Clio Em Premieres GRAVITY WING in Montreal

Do you know Clio Em? If so, perhaps you know her as a writer, or a poet? Oh no, you’re right, she’s a singer. Classical or folk? But did you also see her playing piano and guitar? And what about her composer side? Folk, contemporary? You got it, both… and even more than that. Clio is a multidisciplinary artist. Inspired by such different and talented musicians as Leonard Cohen, Bach, and Bjork, she presented the fruit of a hard month’s labour on July 28, 2015: a cycle of songs and music called GRAVITY WING. 14 songs written in 28 days. Nothing less.

Written during the February Album Writing Month, the genesis of this work stood in stark contrast to the hot and heavy night of its Montreal Premiere. Part of the “You, Yourself and Friends” series, organized by the curator Daniel Génilas, Clio Em’s music was like a cool breeze: instantly refreshing us from heavy heat of the day. At the vegan-friendly restaurant Café Résonance on Avenue du Parc in Montréal, Clio quickly created an intimate and friendly atmosphere, inviting us to enter into a world of science fiction: not only is the music otherworldly, but the storyline is also based on a work-in-progress science-fi novel by the artist.

Clio Em

Clio Em – Photo credit Pawel Markowicz

Following the life of Isabelle (an earthling) and Serge (an extraterrestrial), Clio guides us through a wide variety of musical styles including old French virelai, folk songs, chanson française, and electroacoustic music. The magic is that they create a unified whole, the variety of styles not sounding fortuitous. Rather, the narrative script dictates the different atmospheres. As an answer to those who would criticise this choice, she says: “Because the GRAVITY WING songs provide a sort of soundtrack to my novel, I wanted them to show listeners the atmosphere of my imagined world.”

At first, one may find that these are only simple folk songs, but pay attention. The songs are very well written and not just because they’re catchy. Comprising a well-balanced pot-pourri of multiple inspirations, they are as easy to listen to as they are intelligent and inspired. The cycle might not be perfect or of equal quality throughout, but you can feel a strong creative undercurrent pulling her in the right direction.

Asked what kind of place GRAVITY WING took in her creative output, which includes written work, contemporary music, and folk music, she answered: “GRAVITY WING is the project that most accurately and honestly expresses who I am. It is a science fiction concept album drawing from classical, electronic, experimental, and folk sound worlds.” How could one more accurately sum up what we heard that night? The power of this artist is that she achieved her artistic goals for the project. She knew what she wanted and attained it.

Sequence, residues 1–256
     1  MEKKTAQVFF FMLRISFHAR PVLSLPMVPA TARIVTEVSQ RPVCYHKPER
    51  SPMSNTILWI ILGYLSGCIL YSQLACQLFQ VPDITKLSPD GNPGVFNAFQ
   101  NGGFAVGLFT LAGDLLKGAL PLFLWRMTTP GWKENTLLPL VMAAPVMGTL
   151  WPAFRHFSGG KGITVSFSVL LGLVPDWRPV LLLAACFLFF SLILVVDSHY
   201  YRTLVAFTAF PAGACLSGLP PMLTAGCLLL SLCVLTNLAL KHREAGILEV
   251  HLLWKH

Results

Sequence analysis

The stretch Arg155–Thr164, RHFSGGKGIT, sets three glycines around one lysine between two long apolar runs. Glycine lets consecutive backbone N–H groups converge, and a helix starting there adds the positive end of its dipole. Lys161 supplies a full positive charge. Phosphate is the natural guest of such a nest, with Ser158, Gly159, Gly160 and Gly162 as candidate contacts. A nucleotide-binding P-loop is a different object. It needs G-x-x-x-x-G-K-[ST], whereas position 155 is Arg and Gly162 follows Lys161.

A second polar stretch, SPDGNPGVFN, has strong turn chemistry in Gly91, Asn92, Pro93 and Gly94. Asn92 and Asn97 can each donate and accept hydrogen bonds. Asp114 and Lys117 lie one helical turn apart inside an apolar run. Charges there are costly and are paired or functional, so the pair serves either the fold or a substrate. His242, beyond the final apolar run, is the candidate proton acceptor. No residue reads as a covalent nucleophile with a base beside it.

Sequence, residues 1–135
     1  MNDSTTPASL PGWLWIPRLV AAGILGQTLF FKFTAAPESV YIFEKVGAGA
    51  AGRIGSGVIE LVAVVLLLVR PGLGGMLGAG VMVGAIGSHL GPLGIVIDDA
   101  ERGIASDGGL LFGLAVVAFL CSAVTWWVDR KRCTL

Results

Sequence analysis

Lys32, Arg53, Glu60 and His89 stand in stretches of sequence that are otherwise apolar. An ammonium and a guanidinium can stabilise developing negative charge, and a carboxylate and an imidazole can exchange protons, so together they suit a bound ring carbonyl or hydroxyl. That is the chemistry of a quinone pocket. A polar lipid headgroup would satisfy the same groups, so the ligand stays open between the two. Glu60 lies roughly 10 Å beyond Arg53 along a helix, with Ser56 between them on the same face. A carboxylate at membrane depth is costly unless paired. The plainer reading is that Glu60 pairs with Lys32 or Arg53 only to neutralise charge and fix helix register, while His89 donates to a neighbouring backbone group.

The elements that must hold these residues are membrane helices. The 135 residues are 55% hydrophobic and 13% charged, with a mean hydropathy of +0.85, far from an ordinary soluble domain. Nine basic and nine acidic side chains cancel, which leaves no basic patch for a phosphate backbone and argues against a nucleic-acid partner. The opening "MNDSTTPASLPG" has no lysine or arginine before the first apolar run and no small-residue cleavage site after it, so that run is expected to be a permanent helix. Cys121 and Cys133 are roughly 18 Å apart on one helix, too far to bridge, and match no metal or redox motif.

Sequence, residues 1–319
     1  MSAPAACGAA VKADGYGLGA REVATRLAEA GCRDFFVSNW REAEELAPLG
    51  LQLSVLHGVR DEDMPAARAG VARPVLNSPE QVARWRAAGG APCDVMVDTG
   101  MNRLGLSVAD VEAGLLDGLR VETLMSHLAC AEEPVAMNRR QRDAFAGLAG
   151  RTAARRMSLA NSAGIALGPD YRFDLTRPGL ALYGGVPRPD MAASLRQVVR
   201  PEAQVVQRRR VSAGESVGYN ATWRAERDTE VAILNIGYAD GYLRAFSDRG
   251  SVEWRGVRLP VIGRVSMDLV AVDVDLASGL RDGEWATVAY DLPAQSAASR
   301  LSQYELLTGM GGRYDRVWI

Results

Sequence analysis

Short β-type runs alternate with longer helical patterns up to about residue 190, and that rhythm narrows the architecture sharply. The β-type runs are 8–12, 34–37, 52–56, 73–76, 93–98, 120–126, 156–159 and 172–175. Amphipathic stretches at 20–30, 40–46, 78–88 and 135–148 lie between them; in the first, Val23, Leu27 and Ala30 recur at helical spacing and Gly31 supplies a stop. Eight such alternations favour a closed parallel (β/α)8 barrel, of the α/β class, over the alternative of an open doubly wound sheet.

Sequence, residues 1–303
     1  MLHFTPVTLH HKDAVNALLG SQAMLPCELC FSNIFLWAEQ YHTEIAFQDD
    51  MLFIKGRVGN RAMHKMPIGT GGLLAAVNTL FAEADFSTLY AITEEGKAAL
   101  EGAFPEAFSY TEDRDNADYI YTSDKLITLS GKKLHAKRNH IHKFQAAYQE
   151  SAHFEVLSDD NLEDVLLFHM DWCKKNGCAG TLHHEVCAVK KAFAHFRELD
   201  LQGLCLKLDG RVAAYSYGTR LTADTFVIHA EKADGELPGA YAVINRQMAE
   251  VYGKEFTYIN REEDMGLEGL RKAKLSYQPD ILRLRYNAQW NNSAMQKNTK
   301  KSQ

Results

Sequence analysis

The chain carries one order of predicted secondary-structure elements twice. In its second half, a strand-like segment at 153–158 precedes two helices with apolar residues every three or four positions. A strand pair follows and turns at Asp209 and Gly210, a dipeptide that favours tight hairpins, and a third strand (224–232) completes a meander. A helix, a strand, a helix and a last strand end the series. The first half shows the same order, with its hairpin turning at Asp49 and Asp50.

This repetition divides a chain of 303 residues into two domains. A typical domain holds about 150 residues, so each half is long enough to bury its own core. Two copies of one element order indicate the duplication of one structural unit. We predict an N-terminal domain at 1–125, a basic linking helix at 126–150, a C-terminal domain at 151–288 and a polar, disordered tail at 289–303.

As a performer, Clio is as comfortable on stage as a fish is in water. Instead of preparing every detail of the show as a conductor would prepare a rehearsal, she goes with the flow. She’s spontaneous. Don’t expect one of those flamboyant performers. She is not on stage to blow your mind with virtuoso movements. She prefers to use a minimum of artifice so the listener can fully concentrate on the music. Her voice is light but solid and her gestures add just enough theatricality to enhance the musical experience. Moving from the piano to the ukulele with equal ease, nothing can disturb her stage presence. Rather, she takes advantage of every unusual moment during the show to make it even better, creating an instant rapport with the audience. As the venue does not call for perfect timing and pacing anyway, we might think that she was in fact adapting her show to the atmosphere of the Café Résonance.

It is really unfortunate that she was not able, due to the technical limitations of the venue, to present more than a single semi-electroacoustic works. The rare negative points of the night were related to these technical drawbacks and difficulties and to the sounds of dishes and cooking emanating from the kitchen. In conclusion, if you want to listen to serialism and post-war music, don’t look to her. But if you’re curious about what type of music a child of the 21st-century can create, follow her, step by step.